^{−3}kg/s, i.e., only 3.5% of the flow reference. After the post-combustion gas expansion in the side chambers, at the steady state the initial pressure in each cycle of the exhaust chamber (1.11 × 10

^{5}Pa, Figure 7) is slightly higher than atmospheric; and its temperature drops with the expansion process in the side chambers. From the simulated results, it is seen that the trend for this case study is similar to that in Section 3, that is, at the same supply temperatures and the same electrical loads, the higher supply pressure leads to a higher scroll rotor speed and more scroll intake mass flow rate. It is reasonable to compare the simulation results between the 1st and the 4th groups, the 2nd and the 5th groups, respectively, because the expander is operated at the same working conditions; from the comparisons, it is found that increasing the size of the expander intake and the mass flow improvement does not have a linear relationship—the mass flow rate only has a slight difference compared to the previous situations: the mass flow rate increases 3.21% in the 4th group compared to the result from 1st groups and 3.88% in the 5th group compared to the result from the 2nd group. From the simulation study, in the 3rd and 6th group the scroll expander cannot start rotation properly due to the low air supply pressure (1.3 × 10

^{5}Pa). In addition, overexpansion can happen when the supply pressures are 1.5 × 10

^{5}Pa. Thus, the exhaust of the scroll expander could flow backwards via the outlet of the scroll expander at such condition, and this definitely has a negative effect of the recycling work [20,32]. From the above, if expanding the intake port of the scroll expander only, the modified scroll expander is still not suitable for the engine exhaust energy recycling work and the further modification of the scroll expander needs to be considered.

#### 3.2.2. Case II—Enlarging Volume of the Scroll Expander Center Chamber

- (1)
- the first circle wrap of the original fixed and moving scrolls is removed to increase the volume of the center chamber of the scroll expander (Figure 8);
- (2)
- increasing the inlet port size further to get more exhaust gas flow into the engine exhaust recycling system (in this case, the open area of the intake port is twelve times the original intake and the reason for this is that the minimum value of the newly formed center chamber cross-section area needs to be considered, which is similar to the descriptions in the first paragraph of Section 3.2.1.)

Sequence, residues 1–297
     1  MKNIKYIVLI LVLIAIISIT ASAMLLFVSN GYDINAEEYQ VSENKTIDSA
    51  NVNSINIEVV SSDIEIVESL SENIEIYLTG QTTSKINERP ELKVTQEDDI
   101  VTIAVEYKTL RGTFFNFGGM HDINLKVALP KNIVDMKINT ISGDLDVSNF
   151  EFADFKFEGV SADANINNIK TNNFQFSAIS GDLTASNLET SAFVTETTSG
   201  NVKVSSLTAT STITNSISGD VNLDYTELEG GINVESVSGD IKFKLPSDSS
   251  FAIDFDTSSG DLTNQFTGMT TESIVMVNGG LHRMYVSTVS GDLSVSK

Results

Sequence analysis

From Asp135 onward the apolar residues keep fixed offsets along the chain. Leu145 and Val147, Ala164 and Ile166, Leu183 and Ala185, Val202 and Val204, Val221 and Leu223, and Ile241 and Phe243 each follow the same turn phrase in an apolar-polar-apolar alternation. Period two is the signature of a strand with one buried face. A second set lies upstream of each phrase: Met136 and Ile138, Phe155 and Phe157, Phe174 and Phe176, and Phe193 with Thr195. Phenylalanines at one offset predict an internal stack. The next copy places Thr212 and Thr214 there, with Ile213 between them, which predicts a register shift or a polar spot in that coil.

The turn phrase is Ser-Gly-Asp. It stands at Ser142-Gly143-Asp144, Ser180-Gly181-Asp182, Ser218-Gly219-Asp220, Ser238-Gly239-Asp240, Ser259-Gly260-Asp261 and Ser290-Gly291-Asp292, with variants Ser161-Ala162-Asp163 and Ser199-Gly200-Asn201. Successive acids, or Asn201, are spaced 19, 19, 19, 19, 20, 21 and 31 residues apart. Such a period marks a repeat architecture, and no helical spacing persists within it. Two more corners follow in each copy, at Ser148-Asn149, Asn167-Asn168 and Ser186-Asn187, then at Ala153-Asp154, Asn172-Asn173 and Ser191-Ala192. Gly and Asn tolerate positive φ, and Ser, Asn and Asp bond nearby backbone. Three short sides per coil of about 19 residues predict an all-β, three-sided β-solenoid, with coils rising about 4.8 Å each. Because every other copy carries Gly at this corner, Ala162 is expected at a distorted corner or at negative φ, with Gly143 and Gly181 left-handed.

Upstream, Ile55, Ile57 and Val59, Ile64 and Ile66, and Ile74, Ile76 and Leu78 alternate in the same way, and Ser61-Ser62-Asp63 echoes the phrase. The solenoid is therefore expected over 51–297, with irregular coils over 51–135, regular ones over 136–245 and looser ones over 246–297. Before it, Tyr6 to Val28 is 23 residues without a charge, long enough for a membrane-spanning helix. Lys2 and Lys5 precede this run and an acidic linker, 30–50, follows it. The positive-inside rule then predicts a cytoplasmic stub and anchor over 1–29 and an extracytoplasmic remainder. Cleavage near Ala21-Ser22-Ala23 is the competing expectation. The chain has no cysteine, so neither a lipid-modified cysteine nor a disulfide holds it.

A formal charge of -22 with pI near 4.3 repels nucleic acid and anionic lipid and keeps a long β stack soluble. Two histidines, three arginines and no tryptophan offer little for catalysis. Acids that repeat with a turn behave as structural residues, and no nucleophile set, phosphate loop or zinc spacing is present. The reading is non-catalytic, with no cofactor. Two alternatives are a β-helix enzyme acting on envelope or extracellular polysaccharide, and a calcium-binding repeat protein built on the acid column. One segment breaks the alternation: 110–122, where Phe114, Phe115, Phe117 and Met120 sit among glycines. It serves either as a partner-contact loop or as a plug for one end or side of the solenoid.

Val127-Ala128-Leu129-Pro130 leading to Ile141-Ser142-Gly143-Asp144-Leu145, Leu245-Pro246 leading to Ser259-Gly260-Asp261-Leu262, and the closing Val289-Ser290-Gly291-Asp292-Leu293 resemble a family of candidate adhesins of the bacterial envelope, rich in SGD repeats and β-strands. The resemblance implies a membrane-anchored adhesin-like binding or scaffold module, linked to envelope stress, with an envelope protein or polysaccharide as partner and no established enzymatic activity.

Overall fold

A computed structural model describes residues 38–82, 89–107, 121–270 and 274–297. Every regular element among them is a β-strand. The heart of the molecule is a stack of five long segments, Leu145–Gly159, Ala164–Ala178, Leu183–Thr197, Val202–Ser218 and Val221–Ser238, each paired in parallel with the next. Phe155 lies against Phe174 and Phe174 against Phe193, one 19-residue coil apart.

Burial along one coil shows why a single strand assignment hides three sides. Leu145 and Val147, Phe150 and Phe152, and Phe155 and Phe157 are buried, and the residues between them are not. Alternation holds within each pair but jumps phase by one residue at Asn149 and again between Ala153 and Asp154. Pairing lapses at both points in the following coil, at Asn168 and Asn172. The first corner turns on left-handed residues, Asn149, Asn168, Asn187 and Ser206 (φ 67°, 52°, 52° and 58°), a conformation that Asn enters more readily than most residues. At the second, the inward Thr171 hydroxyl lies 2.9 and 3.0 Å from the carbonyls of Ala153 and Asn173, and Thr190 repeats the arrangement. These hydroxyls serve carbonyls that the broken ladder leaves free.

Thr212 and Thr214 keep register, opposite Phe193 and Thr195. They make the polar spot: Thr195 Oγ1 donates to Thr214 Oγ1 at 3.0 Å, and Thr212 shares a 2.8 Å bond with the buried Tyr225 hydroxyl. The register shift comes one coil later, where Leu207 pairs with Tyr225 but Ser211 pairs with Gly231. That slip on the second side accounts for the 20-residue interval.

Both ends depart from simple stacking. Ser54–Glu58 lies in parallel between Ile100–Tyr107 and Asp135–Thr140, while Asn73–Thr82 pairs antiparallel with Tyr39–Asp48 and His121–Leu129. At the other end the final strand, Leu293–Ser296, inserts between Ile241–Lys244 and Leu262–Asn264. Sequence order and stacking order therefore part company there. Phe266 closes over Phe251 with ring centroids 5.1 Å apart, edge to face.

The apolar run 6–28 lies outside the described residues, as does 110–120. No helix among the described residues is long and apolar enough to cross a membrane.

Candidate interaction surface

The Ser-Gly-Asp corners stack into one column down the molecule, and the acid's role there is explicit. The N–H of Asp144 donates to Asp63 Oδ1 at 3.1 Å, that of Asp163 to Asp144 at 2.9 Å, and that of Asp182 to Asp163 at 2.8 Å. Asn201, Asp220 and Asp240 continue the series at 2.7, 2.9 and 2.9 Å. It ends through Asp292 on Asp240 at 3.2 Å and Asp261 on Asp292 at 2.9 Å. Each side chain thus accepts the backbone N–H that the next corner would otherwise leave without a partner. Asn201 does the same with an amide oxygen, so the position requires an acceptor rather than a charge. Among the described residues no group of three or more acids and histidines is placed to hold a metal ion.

- (3)
- extending one new circle scroll wrap from both the fixed and moving scroll ending points in order to maintain the original number of scroll wraps for these two scrolls.

^{5}Pa) is higher than that in Figure 7 (1.11× 10

^{5}Pa). With the further simulation studies, it is found that overexpansion does not happen at the supply pressures of 1.7 × 10

^{5}Pa and 1.5 × 10

^{5}Pa but happens at the supply pressure of 1.3 × 10

^{5}Pa. From Figure 9, the average scroll intake mass flow rate increases up to 4.05 × 10

^{−3}kg/s, which is higher than the simulation result of the 1

^{st}group (1.99 × 10

^{−3}kg/s). Therefore, after the modifications described in Case II, the geometrical structure changes of the scroll expander lead to an increase in mass flow rate. Thus, the structure modified scroll expander is more suitable to operate under low supply pressure conditions, e.g., 1.5 × 10

^{5}Pa.

^{−3}kg/s; the scroll expander shaft power has a peak value of 164.5 W; after the scroll expander transient process, the scroll expander power output can be maintained around 162 W. Thus, if the working conditions are set as in the 7th group (Table 4), a maximum 11.7% of the engine exhaust flow (the flow reference is 5.73 × 10

^{−2}kg/s) will enter the energy recycling system. From the above analysis, by enlarging the inlet port and the center chamber, the modifications suggested in Case II will allow scroll expander intake flow and exhaust recovery rate improvements within a certain range.

#### 3.2.3. Case III—Modifying Scroll Geometry Parameters

^{5}Pa) and the overexpansion issue exists under such conditions. It is believed that there is a considerable range for further improvement of the exhaust recycle ratio by overcoming the overexpansion issue via modification of the scroll expander mechanical structure and geometrical parameters. Thus further modifications have been made by the below steps: